There’s one question I get asked by friends and strangers more than anything else. No it’s not “what gel do you use?” contrary to popular belief. It goes something like this “Hey I was just wondering how you are able to travel as much as you do. I’d love to travel and work outside for a living. Can you share advice or tips on how to achieve this”? Well yes, yes I can.
It has to be said, this is going to really high level stuff. I can literally teach an entire course on every individual aspect of what I’m about to cover here. So let’s not pick anything apart. This is meant to serve as a general overview. Specifically for the people who are wondering where to begin their journey in the outdoor industry and how to travel for a living.
First of all, since the pandemic I think it’s actually easier than ever. Before 2020, remote job postings were rare and highly sought after. Now remote work is basically just the norm. The quickest way to get into travel and working outside is by taking your lap top with you working from the road. Get access to wifi when you can, communicate with your team and boss. Reassure them so they can rely on you from the road and make it happen! It’s an exciting time to be alive.
I realize most people want to earn a living doing what they love. You might want to get paid to travel or take photos. Maybe you want to quit your remote job make earn a living by becoming a vlogger or writer. I say follow your dreams! But you don’t always need to quit your day job to do so. You definitely don’t need to right away!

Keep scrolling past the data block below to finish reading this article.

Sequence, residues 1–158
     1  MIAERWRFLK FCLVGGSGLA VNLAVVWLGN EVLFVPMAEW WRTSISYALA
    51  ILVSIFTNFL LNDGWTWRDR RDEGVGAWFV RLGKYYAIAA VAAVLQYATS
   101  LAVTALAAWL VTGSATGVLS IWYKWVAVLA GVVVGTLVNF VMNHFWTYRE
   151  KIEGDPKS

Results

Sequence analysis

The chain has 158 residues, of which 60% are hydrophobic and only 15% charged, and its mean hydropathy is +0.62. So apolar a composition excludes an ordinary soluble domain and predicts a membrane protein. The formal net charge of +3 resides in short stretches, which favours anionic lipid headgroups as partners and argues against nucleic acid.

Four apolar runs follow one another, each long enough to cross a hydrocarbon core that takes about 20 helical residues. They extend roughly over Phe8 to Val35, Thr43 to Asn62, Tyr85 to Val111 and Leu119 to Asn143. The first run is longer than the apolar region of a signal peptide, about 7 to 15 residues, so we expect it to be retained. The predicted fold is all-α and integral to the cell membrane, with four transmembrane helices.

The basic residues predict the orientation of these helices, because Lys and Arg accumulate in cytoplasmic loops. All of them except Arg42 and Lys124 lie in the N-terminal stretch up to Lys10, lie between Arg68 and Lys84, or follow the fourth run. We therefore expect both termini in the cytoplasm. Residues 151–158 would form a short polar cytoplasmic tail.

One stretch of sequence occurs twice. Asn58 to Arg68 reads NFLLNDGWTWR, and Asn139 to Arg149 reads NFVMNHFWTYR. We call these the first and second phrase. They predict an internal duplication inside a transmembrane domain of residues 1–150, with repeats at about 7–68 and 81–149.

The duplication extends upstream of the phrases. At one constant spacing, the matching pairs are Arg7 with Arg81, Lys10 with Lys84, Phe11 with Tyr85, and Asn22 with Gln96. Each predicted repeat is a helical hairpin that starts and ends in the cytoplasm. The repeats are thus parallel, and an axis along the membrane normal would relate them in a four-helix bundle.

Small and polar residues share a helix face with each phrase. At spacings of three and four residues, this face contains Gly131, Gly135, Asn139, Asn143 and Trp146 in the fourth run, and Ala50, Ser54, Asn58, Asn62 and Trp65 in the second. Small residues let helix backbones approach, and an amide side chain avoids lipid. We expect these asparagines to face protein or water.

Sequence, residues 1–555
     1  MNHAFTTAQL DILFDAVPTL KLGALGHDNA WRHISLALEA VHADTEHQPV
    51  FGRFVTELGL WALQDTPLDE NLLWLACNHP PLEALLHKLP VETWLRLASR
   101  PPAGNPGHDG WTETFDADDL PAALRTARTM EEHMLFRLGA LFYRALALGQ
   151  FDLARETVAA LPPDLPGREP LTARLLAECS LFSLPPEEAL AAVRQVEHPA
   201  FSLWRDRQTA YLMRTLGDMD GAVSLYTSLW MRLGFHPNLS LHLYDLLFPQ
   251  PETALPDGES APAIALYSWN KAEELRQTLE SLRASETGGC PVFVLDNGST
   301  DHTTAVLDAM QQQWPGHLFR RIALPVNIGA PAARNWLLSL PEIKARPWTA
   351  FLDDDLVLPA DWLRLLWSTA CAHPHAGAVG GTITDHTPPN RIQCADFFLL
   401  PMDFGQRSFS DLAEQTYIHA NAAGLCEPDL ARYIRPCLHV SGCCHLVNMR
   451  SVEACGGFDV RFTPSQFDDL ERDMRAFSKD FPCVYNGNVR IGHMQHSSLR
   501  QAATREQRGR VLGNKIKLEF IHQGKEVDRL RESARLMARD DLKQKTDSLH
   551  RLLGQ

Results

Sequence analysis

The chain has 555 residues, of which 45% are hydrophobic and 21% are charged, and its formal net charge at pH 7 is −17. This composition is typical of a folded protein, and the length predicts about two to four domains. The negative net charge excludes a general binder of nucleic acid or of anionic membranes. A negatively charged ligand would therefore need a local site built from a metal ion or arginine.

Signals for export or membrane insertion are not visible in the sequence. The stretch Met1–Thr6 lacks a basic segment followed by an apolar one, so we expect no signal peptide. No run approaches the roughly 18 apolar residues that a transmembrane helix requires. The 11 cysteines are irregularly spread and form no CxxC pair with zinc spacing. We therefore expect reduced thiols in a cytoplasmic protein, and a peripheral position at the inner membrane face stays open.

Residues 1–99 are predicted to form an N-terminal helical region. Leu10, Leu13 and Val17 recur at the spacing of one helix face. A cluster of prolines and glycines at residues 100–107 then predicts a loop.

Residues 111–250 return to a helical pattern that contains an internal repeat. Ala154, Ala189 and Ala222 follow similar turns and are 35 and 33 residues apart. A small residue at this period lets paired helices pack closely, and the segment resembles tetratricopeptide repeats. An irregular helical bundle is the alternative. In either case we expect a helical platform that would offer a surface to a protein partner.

What are you doing after work? If you’re going to work for yourself or travel for work you might as well get use to 16 hour work days anyways. You should start right now. Punch out at 4pm at your day job and then spend 4 hours building your future job. It’s going to take time and hard work. There’s no sense in being broke and stressed while you’re building your dream job. In fact if you quit too soon, you might just be prolonging the transition into a full-time travel (insert dream job).
Invest in your portfolio like you would invest in an ivy league collage!
I didn’t go to art school or major in photography. If I knew one thing growing up, it was that the second I could get out of the classroom, I would never go back. There was a world out there and I wanted to see it. In my experience, hard work and real world experience is invaluable… and some thing simply can’t be taught in school.
That said, this isn’t about mainstream education though. What I mean by investing in your portfolio is this. You need to spend money at first. – That’s why it’s nice to have a job… use your downtime wisely. Oh, and vacation days! If you’re just starting out, you need to build your portfolio. You need to create work, and shoot the content that you wish clients to eventually pay you to shoot.